Ninety-two percent of healthcare organizations are confident in their ability to respond to cyber attacks, compared to 82 percent two years ago, according to the Cybersecurity in Healthcare report.

More than half (56 percent) have automated systems in place that actively scan their networks for suspicious activity and 31 percent have their own Security Operation Centers (SOCs) for the same purpose. However, the industry still faces challenges such as: 


  • 39.7 percent of IT professionals are not aware if their organization would be willing to pay a ransom in the event of a cyber attack. 
  • 24 percent remain defiant, stating that they would be unwilling to pay a ransom. 

Greater investment

  • Healthcare organizations are spending between 11 and 20 percent more on cybersecurity than in 2017, with the top three investments being anti-virus software (59 percent), firewalls (52 percent) and application security (51 percent).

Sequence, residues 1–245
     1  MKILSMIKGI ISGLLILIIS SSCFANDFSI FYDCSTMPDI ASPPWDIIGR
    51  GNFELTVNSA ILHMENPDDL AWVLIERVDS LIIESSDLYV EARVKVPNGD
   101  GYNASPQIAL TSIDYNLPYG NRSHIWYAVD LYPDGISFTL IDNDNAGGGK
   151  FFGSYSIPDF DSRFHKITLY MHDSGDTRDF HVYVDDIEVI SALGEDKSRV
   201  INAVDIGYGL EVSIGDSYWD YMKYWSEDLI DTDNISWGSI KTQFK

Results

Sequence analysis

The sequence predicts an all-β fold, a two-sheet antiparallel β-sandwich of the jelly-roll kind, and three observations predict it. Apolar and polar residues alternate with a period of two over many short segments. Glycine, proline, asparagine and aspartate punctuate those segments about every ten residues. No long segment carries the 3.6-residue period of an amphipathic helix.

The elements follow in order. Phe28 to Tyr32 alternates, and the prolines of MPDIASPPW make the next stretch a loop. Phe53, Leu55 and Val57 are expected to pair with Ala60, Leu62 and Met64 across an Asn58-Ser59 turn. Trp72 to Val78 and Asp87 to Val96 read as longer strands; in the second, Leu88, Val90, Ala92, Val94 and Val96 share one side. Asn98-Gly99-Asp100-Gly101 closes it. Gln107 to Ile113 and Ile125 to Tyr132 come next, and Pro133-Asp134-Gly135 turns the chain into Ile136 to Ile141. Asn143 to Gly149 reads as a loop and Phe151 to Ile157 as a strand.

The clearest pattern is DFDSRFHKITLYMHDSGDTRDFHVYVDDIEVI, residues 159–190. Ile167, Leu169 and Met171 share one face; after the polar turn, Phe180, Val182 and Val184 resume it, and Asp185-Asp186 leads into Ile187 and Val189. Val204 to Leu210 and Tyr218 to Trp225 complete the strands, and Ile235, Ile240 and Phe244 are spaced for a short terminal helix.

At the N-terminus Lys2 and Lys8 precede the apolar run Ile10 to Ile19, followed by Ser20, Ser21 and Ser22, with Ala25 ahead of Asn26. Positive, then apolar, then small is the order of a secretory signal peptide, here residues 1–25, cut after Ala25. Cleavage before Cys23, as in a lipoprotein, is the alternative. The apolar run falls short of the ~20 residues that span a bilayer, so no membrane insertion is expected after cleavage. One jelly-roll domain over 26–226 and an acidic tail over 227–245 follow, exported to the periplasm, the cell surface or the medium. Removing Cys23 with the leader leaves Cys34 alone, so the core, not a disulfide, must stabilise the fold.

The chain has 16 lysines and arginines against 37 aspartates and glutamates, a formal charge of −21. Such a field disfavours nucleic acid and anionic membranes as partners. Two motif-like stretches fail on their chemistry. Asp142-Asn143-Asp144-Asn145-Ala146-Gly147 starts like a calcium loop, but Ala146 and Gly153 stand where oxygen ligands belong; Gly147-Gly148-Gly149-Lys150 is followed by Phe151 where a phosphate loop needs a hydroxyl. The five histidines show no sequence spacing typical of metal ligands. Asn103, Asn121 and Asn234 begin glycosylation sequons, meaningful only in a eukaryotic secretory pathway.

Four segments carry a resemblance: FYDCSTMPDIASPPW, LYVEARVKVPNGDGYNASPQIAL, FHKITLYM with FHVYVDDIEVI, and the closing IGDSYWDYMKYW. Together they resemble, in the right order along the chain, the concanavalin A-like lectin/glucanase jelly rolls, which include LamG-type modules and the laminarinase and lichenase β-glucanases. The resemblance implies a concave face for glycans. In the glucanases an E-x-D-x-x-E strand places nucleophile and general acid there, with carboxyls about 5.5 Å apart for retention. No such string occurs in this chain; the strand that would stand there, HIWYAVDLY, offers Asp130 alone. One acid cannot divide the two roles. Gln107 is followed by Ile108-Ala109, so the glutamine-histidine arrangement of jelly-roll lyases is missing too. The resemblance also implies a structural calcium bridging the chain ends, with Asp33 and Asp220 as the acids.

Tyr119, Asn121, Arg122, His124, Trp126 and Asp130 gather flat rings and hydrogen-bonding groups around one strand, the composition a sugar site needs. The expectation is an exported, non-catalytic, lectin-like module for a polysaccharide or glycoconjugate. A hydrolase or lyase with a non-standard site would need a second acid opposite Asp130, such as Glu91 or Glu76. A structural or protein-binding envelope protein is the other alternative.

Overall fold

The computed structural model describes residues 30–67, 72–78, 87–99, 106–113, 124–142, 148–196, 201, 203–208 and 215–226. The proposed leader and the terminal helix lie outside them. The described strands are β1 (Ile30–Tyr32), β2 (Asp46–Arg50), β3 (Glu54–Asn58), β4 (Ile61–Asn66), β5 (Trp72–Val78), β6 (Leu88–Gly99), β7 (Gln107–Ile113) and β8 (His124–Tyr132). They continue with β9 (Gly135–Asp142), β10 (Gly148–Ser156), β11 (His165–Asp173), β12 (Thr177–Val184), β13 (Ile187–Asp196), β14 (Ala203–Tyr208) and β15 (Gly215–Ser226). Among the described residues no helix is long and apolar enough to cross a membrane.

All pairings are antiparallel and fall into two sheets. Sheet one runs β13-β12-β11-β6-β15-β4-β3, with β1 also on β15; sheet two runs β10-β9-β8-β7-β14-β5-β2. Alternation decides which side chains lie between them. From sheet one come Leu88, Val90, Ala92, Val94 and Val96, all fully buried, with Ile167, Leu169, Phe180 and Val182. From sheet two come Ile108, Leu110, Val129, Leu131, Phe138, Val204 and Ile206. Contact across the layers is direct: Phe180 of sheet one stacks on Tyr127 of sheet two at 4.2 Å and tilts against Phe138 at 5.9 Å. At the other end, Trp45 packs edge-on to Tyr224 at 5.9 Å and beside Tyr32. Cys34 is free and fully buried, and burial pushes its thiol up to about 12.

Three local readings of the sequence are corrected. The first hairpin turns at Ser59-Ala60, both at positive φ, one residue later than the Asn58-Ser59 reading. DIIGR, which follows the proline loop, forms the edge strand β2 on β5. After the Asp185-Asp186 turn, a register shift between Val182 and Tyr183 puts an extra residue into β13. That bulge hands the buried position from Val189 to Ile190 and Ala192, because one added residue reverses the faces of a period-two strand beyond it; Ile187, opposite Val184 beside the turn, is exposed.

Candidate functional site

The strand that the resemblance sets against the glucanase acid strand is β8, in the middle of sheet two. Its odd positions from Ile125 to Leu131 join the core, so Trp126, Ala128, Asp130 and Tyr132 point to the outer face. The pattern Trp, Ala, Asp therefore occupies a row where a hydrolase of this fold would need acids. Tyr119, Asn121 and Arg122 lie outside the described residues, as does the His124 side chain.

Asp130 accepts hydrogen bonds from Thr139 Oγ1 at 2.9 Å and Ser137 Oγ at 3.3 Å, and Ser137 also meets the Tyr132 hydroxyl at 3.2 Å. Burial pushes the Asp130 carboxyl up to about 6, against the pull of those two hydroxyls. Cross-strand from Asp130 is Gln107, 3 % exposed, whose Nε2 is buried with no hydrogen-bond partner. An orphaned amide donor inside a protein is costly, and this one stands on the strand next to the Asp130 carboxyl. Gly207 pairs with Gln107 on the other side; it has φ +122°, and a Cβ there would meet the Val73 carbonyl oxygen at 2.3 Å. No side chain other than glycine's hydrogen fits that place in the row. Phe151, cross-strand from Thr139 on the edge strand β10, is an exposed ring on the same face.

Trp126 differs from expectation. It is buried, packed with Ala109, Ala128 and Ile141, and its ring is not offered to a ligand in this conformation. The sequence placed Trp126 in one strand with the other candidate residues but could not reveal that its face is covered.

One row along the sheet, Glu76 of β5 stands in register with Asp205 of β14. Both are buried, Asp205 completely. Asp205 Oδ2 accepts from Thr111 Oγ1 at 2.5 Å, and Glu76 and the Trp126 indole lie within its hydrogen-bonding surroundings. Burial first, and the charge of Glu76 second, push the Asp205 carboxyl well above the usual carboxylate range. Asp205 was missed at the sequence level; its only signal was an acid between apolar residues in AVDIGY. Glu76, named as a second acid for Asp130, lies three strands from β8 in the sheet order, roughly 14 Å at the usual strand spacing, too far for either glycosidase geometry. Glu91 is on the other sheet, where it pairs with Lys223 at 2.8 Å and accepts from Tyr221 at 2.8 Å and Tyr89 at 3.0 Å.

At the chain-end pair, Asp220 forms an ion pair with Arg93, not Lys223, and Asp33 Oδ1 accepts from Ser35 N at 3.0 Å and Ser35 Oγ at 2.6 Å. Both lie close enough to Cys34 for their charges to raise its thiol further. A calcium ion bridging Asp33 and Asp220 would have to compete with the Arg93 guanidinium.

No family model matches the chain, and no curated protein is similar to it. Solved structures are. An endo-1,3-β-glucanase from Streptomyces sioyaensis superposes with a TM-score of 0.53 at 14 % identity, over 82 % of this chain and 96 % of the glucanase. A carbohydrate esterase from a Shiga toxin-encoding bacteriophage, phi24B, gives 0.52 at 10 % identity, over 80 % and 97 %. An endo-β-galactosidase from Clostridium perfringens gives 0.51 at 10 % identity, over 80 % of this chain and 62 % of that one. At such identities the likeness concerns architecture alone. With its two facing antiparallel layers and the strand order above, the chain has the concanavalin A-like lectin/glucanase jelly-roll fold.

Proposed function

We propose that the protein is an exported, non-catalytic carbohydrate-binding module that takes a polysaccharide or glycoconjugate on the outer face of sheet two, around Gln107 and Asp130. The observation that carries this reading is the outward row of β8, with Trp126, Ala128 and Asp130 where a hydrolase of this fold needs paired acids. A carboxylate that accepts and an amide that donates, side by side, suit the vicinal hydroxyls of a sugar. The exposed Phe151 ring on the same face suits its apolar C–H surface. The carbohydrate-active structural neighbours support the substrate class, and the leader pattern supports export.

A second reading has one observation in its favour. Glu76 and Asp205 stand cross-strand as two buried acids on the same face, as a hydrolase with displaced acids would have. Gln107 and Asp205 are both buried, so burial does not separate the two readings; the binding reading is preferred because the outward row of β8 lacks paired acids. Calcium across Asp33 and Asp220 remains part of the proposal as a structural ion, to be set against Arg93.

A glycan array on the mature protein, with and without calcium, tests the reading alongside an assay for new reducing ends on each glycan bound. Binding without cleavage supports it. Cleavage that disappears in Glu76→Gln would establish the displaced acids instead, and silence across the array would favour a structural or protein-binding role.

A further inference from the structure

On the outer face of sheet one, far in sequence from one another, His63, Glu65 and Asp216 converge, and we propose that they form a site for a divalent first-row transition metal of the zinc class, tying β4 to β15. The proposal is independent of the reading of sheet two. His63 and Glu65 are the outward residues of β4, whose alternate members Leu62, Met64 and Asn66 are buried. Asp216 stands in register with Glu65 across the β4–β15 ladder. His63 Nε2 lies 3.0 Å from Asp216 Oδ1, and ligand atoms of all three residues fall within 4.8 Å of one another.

• Employee education has grown in popularity, with a 10 percent higher investment in 2019 compared to 2017.

Connected devices

  • Healthcare IT professionals are addressing the growing adoption of the Internet of Things (IoT) and as a result the number of security policies in place for new connected devices has increased from 85 to 89 percent, with fewer respondents doubting the effectiveness of these policies (nine percent in 2019 vs. 13 percent in 2017).
  • The majority (66 percent) of connected devices now run on Microsoft Windows 10, however Linux (33 percent) and Mac OS X (31 percent) popularity is growing significantly since 2017.
  • 26.5 percent continue to run on old operating systems including Microsoft Windows 7 and Microsoft Windows 8 (4.6 percent running medical devices).
  • IT professionals (16.6 percent) do not have the ability to patch their operating systems, leaving their network wide open for attacks.